Registration of Business Names: “Potato, potahto, Tomato, tomahto.“
I recently highlighted some of the issues faced by businesses when other businesses have a similar name - Using a Generic Brand Name – It’s a Double-Edged Sword, where Tim Bishop, the owner of ‘MAN WITH A VAN,’ has had to take legal action to stop others from using the business name or variations of it.
Well, an update to the Business Names Registration Rules is about to make life a lot easier for business owners like Tim. The update is perhaps best explained by the famous lyrics from the Ella Fitzgerald song "Let's Call the Whole Thing Off.”
“Potato, potahto, Tomato, tomahto”
The Business Names Registration (Availability of Names) Determination 2015 kicked in on 17 July 2015 and sets out the rules for determining if a business name is identical or nearly identical to another name. These rules aim to reduce the risk of the public being misled by nearly identical business names.
Subsection 5A of the Determination provides that a business name is identical or nearly identical to another name (other than a company name) if, and only if:
- After comparing the business name with the other name (disregarding certain matters and applying others) the names are the same; or
- the business name is pronounced the same as another name despite being spelt differently. For example: “Dollar Shop” is the same as “$ Shop.”
What matters are not considered?
The following are some of the matters to be disregarded when comparing whether two business names are identical or nearly identical:
- Use of “Association,” “Co-operative,” “Incorporated,” etc
- words in a pural form and singular form will be treated as the same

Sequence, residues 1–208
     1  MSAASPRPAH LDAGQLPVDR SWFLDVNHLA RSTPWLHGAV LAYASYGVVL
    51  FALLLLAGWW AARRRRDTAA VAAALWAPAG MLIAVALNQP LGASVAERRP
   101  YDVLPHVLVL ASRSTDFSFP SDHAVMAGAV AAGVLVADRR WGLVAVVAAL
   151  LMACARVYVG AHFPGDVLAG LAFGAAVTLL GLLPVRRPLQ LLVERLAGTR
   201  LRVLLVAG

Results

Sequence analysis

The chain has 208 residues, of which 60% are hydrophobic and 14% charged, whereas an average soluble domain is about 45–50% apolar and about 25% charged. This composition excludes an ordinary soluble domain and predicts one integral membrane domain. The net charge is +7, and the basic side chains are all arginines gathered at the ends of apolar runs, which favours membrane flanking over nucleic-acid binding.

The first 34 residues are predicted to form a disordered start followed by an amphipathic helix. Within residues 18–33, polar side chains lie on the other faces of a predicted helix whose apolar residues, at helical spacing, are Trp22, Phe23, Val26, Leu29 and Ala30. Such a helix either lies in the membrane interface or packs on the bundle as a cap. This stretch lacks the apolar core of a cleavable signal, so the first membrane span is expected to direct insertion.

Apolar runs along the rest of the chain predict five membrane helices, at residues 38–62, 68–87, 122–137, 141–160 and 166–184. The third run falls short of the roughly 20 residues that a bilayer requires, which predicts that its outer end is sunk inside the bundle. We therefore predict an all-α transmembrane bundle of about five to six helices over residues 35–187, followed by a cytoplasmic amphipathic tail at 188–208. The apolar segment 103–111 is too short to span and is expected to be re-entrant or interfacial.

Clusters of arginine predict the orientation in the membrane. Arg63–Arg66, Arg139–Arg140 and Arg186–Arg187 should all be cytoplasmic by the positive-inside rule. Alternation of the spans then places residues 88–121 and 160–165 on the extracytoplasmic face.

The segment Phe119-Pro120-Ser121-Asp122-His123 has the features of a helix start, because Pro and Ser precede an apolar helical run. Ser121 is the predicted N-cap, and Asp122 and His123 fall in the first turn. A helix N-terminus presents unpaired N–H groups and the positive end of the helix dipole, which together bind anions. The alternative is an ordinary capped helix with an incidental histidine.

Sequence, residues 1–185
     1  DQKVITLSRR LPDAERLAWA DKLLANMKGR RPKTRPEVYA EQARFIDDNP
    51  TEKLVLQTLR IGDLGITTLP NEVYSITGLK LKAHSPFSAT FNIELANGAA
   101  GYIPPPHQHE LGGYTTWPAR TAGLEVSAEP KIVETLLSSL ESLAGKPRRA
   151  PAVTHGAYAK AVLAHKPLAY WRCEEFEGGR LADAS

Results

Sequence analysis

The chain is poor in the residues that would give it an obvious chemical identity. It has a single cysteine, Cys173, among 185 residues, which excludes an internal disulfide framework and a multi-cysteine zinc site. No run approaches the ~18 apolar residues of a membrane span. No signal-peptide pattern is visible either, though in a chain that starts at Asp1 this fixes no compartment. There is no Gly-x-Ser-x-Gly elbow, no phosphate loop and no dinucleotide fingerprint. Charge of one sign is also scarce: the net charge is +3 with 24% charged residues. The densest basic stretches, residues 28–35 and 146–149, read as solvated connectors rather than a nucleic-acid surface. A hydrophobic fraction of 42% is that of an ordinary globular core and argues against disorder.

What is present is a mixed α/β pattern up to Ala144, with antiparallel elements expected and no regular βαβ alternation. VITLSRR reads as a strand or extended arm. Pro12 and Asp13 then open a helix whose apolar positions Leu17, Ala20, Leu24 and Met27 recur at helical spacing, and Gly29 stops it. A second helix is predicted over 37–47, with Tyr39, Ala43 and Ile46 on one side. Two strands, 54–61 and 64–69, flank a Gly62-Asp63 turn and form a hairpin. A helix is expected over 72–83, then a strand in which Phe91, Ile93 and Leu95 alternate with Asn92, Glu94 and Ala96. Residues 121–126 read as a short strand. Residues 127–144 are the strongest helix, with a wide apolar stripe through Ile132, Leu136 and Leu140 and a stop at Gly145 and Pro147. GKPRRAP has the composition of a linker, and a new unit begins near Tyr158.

- the size of the letters, the type and case of the letters, any accents, spaces between characters and punctuation marks
- the order of the words as they appear in the two names. For example: “Rita’s Shoes” would be the same “Shoes Rita”
- domain name extensions such as “.net” or “.com.”
What matters are considered?
Under Subsection 6(1) any word or expression in an item in Schedule 1 of the Determination is taken to be same as each other word or expression in the item. Examples of the items contained in Schedule 1 are as follows:
- Bicycles, bikes, cycles
- caterers, catering, catering services.
The Determination should be welcomed with opened arms. Not only does it reduce the risk of confusion between two companies, it makes it harder for another business to adopt a nearly identical name to yours, taking advantage of the existing reputation and goodwill your business has (as experienced by ‘MAN WITH A VAN’ and countless other businesses).
If you’re starting a business, choose your business name carefully - and only after you’ve done your due diligence. Identical or nearly identical names should be avoided for two reasons: firstly, you’ll improve your chances of obtaining business name registration but secondly, also make sure your proposed name doesn’t infringe any registered trade marks.
In short, when it comes to “Potato, potahto,” you’re far better calling the whole thing off and coming up with something uniquely yours.
If you’re unsure whether your proposed business name is capable of registration or whether your proposed business name infringes a registered trade mark, you should you obtain legal advice as soon as possible. Invest time and money in choosing the right name so as to avoid the need and costs associated with an infringement action or re-branding your whole business: